The future we grew up thinking about is here - it’s just not equitably distributed. The excitement and bubbles in tech are likely growing because for those with the money to spend and the ability to create companies, the future feels exciting and immediate. But the future that most people experience is severely hampered by massive inequalities. There are absolutely technological achievements that have been made available to the masses - streaming media, for example - but a great deal of things are made to make the successful more successful, the rich get richer and the privileged stay privileged.

There are very few easy solutions here. The startup ecosystem rewards those who come up with ideas that VCs believe will be valuable companies, and that value is oftentimes established by the privileged’s investment in said thing. It’s hard to encourage companies to appeal to a larger subset of people and price to them as a result if they think they can price higher and attract a more sustainable (IE: richer) customer base. When the money is coming from the privileged, and aimed at making experiences that appeal to the privileged, the result is products created for the privileged, priced for their convenience and joy. And on some level perhaps these products aren’t possible to make cheaply, and that isn’t necessarily anyone’s fault - it just makes the chasm between the haves and have nots that bit larger, opening more opportunities for a healthier and wealthier life to those who already might have one.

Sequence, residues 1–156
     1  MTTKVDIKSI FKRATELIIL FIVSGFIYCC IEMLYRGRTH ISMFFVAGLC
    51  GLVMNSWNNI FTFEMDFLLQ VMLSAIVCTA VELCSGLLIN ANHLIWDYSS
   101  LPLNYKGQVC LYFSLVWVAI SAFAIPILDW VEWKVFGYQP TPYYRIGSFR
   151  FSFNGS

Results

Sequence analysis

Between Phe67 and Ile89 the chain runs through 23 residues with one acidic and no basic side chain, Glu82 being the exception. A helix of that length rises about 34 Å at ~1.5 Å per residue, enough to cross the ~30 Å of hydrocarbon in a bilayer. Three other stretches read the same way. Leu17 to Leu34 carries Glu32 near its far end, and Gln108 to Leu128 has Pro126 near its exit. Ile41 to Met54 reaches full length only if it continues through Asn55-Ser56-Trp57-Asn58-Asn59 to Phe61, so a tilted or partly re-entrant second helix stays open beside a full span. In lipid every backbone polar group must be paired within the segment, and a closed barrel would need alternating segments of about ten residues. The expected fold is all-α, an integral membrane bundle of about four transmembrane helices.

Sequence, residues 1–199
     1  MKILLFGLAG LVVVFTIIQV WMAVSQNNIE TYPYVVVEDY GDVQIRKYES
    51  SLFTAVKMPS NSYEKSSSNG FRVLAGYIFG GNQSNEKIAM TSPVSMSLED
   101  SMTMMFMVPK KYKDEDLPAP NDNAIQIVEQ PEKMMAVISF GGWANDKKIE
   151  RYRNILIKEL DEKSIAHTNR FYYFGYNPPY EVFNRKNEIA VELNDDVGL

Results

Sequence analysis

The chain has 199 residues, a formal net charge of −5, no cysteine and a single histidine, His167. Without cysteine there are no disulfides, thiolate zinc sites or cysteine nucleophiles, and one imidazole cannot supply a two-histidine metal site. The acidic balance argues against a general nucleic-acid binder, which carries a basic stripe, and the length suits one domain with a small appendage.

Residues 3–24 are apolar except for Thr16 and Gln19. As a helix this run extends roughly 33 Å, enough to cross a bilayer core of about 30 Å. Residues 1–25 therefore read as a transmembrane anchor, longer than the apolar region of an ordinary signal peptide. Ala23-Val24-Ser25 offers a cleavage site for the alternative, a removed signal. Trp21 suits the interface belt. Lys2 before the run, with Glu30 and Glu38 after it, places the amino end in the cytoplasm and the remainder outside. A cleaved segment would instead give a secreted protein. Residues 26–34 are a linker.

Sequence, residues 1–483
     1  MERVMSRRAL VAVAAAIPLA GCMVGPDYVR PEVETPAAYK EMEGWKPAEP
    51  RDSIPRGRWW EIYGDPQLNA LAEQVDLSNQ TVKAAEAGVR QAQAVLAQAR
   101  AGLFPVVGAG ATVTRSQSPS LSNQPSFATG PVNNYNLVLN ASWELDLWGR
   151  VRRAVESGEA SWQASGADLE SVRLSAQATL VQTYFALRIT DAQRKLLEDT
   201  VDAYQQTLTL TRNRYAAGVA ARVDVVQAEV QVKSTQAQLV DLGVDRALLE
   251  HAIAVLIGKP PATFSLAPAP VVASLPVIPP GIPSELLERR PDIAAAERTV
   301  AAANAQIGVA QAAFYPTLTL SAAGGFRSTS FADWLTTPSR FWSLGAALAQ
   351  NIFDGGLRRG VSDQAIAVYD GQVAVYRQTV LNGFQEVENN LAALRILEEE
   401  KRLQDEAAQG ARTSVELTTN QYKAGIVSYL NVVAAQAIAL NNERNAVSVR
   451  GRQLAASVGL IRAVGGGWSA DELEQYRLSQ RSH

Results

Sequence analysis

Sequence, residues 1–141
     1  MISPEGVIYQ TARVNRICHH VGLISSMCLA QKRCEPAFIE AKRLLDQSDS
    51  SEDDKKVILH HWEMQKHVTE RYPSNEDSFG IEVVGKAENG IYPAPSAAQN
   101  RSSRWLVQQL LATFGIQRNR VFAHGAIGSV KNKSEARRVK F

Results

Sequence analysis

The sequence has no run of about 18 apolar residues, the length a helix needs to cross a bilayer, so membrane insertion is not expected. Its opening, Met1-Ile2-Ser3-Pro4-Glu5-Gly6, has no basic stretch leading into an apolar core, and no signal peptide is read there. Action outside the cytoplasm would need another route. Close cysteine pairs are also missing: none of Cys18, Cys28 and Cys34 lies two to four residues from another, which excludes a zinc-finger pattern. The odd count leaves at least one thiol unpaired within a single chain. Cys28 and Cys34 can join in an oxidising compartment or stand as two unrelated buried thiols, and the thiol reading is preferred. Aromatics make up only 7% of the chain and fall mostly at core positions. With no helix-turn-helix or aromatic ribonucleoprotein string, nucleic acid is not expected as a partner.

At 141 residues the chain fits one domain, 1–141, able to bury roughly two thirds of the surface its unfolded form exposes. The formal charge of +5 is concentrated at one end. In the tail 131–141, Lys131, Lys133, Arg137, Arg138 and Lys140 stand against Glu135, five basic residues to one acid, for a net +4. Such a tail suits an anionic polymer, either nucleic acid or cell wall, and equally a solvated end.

On a governmental level, the obvious choices are infrastructural - we need everybody to have high speed internet, and it needs to be a utility. It’d be a classic shitty conservative thing to get mad at, but there needs to be some way in which we get everybody some basic level of home computing - it’s ridiculous that we took every student remote without making sure that every single one had the means to connect and interact with their student body.

I don’t know if there’s any great solution to the problem of technological accessibility, and I feel like the pandemic made that gap wider. The things that made the pandemic easier (or even bearable) for people - ways to exercise, ways to interact, ways to work - were all inherently reliant on having the physical or fiscal means to make your home function as an office, a gym and a home. The demands of a remote future are not as simple as “hey, no office time”! - they inherently require an investment of money and space that the majority of people don’t have, and we lack any of the social services that would require fairly creating a remote only future.